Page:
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26 Responses to “There’s More to Life Than Simon & Garfunkle”

  1. Your gravy recipe sounds great. I’ve always liked the Chiefs and hated the Raiders, so I’ll be cheering for your team. In the meantime, my Redskins have been getting beat up by the Buccaneers, but they’re starting to stand up for themselves.

  2. What a shit you are for not inviting your atheist friends to this feast. It sounds fantastic.

    I don’t even care about football, but because I’m so pissed off at you for not being included in your wondrous meal, I’m tempted to pray that the Chiefs lose. You do realize that the team whose fans talk in the most heartfelt manner to god always wins. So if the Chiefs blow it, you can blame your own atheism — and the fact that I’m not nibbling on that turkey right now.

  3. First off Ex, you’re a wanker for speaking sacrilege when you know you wouldn’t have come anyway. 2nd, I’m a wanker for breaking the age old superstition of offering the football gods poultry when their favor is needed. Any fool knows they prefer pork, and in my folly I scorned the gods and paid the price. Argh!!!

    Of course this season is meaningless and they’d best be served with a crappy record and better draft picks for next year, so maybe the gods are smiling upon my feast. The football gods move in mysterious ways.

    Chaplain, I’m sympathetic to the plight of the Redskins because they have our old OC, Saunders.

    btw, best turkey ever! ;)

  4. “because of my mother’s strict adherences to how things are supposed to be.”

    My aunt is excessive when it comes to this. Unfortunately, my whole family falls for the “traditional, like it’s supposed to be” fallacy.

    I’m with you. I love to experiment. If you do nothing more than tweak the recipe a bit, it’s a nice change.

    But your turkey dinner sounds great. I have a Cambodian friend who deep-fries it every year. That sounds good to me. I’d love to try a deep-fried turkey sometime.

    Really sorry about the Chiefs today. I’m with The Chaplain, and am an avid Raider-Hater. That blown field goal from 33 yards out was a killer.

    Please cook the pig next year.

  5. On NPR this morning they were talking about the real thanksgiving dinner. According to the comentator they had eels on the menu along with a lot of other sea food. I relayed this intelligenc to my mother, She said it couldn’t be true, it wasn’t in the history books that way.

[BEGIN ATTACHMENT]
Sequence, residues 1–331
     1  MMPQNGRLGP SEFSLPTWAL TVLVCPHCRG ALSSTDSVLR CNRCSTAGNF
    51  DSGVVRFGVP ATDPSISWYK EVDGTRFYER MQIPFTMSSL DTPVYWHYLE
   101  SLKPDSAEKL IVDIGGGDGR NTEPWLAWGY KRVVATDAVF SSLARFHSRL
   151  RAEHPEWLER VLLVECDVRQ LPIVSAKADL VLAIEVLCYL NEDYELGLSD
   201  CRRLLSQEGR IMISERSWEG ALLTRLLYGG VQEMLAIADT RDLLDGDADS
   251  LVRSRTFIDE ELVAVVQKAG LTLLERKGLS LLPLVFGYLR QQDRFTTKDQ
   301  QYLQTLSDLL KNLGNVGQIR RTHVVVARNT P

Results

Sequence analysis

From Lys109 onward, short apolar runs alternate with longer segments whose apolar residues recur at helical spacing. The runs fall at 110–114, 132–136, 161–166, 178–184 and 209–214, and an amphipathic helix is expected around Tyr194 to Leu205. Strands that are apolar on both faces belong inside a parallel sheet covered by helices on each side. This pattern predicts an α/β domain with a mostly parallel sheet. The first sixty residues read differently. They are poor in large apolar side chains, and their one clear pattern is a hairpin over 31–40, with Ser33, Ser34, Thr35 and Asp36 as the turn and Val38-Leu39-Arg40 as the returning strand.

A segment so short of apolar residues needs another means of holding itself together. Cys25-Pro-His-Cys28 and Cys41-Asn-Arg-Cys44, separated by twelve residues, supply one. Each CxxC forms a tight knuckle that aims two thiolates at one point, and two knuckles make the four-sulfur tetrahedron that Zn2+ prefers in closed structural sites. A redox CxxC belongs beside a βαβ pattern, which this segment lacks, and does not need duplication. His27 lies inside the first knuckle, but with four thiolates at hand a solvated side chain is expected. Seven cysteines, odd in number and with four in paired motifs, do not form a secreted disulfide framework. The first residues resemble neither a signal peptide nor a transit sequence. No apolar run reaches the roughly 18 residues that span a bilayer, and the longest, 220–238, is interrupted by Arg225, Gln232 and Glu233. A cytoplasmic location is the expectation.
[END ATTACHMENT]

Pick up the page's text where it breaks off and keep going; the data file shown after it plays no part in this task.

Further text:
My wife feels that the present “correct” tradition is much, much more to her taste. If eel was ‘traditional’ we’d have lassagna.

  6. If I didn’t have the free bird, today’s menu would have been pork. Oh well. Next week definitely pork shoulder. I prefer the ones you see at the supermarket shaped like a football already. Kinda apropo, no? Clearly a sign from the football gods when you see a nice one at the store.

    I love unagi (Japanese broiled eel). I’ve never had any other kind of eel though. I’d try colonial era eel. I wonder how they cooked it. I remember hearing about indentured servants revolting in NE because they were fed nothing but lobster. Sounds sad, huh? Actually, the last time I was in Maine I had lobster for 4 days straight and, well, it’s very high in protein and when you eat a lot of protein, uhm, well good luck to those around you.

    I’ve spent the better part of my life challenging the ways things are “supposed to be”. I guess it’s in my blood, much to the dismay of my mother.

    Oh yeah, kickers suck. :(

  7. If you were to ask my kids which Thanksgiving meal they liked the best, they’d say it was the year their mother said fuck turkey-we’re having steak. So we had steak with sauteed mushrooms and steamed asparagus. We did have pumpkin pie, but it was only because we all love it.

  8. When I was a boy, I couldn’t stand turkey. (I’m still not fond of it unless it’s well disguised with tons of other flavorings, as Philly’s must have been.)

    Anyway, my Eastern European great-aunt always made me a private little pot of stuffed cabbage. The stuffing was chopmeat, rice, and raisins, and the sauce had plenty of ginger and sugar. So fuck the Pilgrims; I still think of that as the traditional Thanksgiving meal.

    I can’t see the President of the United States “pardoning” a cabbage, though.